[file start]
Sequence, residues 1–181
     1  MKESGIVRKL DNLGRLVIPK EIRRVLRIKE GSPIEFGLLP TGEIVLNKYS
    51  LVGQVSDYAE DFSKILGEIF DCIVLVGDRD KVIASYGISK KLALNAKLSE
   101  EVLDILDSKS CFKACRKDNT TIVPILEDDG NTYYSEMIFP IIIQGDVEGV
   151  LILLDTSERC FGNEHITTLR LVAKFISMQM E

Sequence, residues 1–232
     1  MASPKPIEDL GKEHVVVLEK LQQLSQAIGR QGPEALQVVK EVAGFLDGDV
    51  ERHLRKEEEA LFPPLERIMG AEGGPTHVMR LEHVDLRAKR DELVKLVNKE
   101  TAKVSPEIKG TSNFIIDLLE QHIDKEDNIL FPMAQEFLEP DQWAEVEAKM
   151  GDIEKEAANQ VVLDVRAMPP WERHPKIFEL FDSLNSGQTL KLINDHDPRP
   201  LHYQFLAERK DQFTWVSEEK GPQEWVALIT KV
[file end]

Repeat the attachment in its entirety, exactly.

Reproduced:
Sequence, residues 1–181
     1  MKESGIVRKL DNLGRLVIPK EIRRVLRIKE GSPIEFGLLP TGEIVLNKYS
    51  LVGQVSDYAE DFSKILGEIF DCIVLVGDRD KVIASYGISK KLALNAKLSE
   101  EVLDILDSKS CFKACRKDNT TIVPILEDDG NTYYSEMIFP IIIQGDVEGV
   151  LILLDTSERC FGNEHITTLR LVAKFISMQM E

Sequence, residues 1–232
     1  MASPKPIEDL GKEHVVVLEK LQQLSQAIGR QGPEALQVVK EVAGFLDGDV
    51  ERHLRKEEEA LFPPLERIMG AEGGPTHVMR LEHVDLRAKR DELVKLVNKE
   101  TAKVSPEIKG TSNFIIDLLE QHIDKEDNIL FPMAQEFLEP DQWAEVEAKM
   151  GDIEKEAANQ VVLDVRAMPP WERHPKIFEL FDSLNSGQTL KLINDHDPRP
   201  LHYQFLAERK DQFTWVSEEK GPQEWVALIT KV